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Explained: China’s hypersonic glide vehicle test

The Chinese military launched a rocket that carried a hypersonic glide vehicle, which flew through low-orbit space before cruising down towards its target.

File photo of a missile being fired during a military drill. (AP)

A report in the London-based Financial Times on Saturday, citing various sources, says China in August tested a nuclear-capable hypersonic glide vehicle that circled the globe before speeding towards its target. Hypersonic speeds are 5 or more times the speed of sound.

The test, as reported

The FT report mentions five people familiar with the test as saying the Chinese military launched a rocket that carried a hypersonic glide vehicle, which flew through low-orbit space before cruising down towards its target. The test has caught US intelligence by surprise, the report says.

“The missile missed its target by about two-dozen miles, according to three people briefed on the intelligence. But two said the test showed that China had made astounding progress on hypersonic weapons and was far more advanced than US officials realised. The test has raised new questions about why the US often underestimated China’s military modernisation,” the report reads.

The report cites a security official, and another Chinese security expert close to the People’s Liberation Army, as saying the weapon was being developed by the China Academy of Aerospace Aerodynamics (CAAA), under the state-owned China Aerospace Science and Technology Corporation that makes missile systems and rockets for China’s space programme. Both sources reportedly said the vehicle was launched on a Long March rocket, which is used for the space programme.

The significance

According to the report, two people familiar with the test said the weapon could, in theory, fly over the South Pole. That would pose a big challenge for the US military because its missile defence systems are focused on the northern polar route.

The report quotes the China Academy of Launch Vehicle Technology as saying on an official social media account on July 19 that it had launched a Long March 2C rocket, its 77th launch. On August 24, it announced a 79th flight. But there was no announcement of a 78th launch, which sparked speculation about a secret launch, the report notes.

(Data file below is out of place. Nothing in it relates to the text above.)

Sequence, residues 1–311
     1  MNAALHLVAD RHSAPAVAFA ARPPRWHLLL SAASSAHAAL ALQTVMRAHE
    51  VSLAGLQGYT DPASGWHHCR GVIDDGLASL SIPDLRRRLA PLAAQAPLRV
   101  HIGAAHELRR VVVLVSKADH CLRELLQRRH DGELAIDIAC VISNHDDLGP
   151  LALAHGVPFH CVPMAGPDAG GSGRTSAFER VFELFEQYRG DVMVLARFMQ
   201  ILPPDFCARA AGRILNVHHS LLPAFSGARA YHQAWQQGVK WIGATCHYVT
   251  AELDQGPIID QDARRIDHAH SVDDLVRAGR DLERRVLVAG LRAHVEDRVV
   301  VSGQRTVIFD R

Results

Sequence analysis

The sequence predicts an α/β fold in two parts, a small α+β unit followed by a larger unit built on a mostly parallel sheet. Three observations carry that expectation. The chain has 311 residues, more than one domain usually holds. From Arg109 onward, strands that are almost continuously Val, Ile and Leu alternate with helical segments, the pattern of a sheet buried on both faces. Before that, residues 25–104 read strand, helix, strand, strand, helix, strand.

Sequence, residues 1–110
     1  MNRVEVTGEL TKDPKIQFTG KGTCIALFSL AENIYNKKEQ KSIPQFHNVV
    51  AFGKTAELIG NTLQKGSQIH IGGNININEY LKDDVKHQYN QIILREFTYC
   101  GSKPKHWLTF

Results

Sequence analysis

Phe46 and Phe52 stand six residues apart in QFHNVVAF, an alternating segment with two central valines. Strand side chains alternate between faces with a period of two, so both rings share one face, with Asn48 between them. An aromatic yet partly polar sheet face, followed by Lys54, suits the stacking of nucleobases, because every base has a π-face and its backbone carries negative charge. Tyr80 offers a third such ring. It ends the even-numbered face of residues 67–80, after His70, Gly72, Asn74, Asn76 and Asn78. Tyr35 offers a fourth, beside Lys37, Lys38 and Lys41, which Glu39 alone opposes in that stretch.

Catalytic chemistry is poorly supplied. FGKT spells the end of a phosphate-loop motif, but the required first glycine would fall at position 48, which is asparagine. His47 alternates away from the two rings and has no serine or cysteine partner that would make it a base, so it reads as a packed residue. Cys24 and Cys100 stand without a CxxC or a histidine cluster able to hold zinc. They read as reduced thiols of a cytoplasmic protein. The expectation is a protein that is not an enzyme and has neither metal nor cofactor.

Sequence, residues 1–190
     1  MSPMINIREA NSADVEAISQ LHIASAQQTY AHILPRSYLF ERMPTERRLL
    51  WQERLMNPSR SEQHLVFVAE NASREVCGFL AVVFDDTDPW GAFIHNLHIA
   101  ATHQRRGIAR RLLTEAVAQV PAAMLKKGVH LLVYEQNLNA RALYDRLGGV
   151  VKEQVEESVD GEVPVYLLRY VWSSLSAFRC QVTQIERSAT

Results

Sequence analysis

“The US, Russia and China are all developing hypersonic weapons, including glide vehicles that are launched into space on a rocket but orbit the earth under their own momentum,” the report says.

India’s DRDO tested a hypersonic vehicle in September last year. Asked about China’s test, a senior DRDO scientist said, “The exact details on technology used by China in this particular test are not known through media sources. But most of the hypersonic vehicles primarily use the scramjet technology. This extremely complex technology, which also needs to be able to handle high temperatures, makes the hypersonic systems extremely costly. It is all about how long can you sustain the systems at those extreme conditions. Most military powers in the world are in the process of developing hypersonic systems.”

Scramjets are a a category of engines designed to handle airflows of speeds in multiples of the speed of sound.

Implications for India

“This test by China certainly needs to be watched closely by the world, especially India considering relations with China in the recent past,” said Air Marshal Bhushan Gokhale (Retd), former Vice Chief of Air Staff. “Such capabilities also highlight the threat for our space assets along with the surface assets. The offence system operating at these speeds would mean requirement to develop defence systems at these speeds.”

He added, “India too is working on hypersonic technologies. As far as space assets are concerned, India has already proved its capabilities through the test of ASAT.”

Hypersonic technology has been developed and tested by both DRDO and ISRO. Last September, DRDO successfully flight-tested the Hypersonic Technology Demonstrator Vehicle (HSTDV), with a capability to travel at 6 times the speed of sound. A solid rocket motor of Agni missile took it to an altitude of 30 km where the cruise vehicle separated as planned. The hypersonic combustion sustained and the cruise vehicle continued on its desired flight path at a velocity of six times the speed of sound for more than 20 seconds.

“The scramjet engine performed in a text book manner. With this successful demonstration, many critical technologies such as aerodynamic configuration for hypersonic manoeuvers, use of scramjet propulsion for ignition and sustained combustion at hypersonic flow, thermo-structural characterisation of high temperature materials, separation mechanism at hypersonic velocities etc. were proven.” DRDO had said in a statement.

Last December, an advanced Hypersonic Wind Tunnel (HWT) test facility of the DRDO was inaugurated in Hyderabad. It is a pressure vacuum-driven, enclosed free jet facility that simulates Mach 5 to 12.

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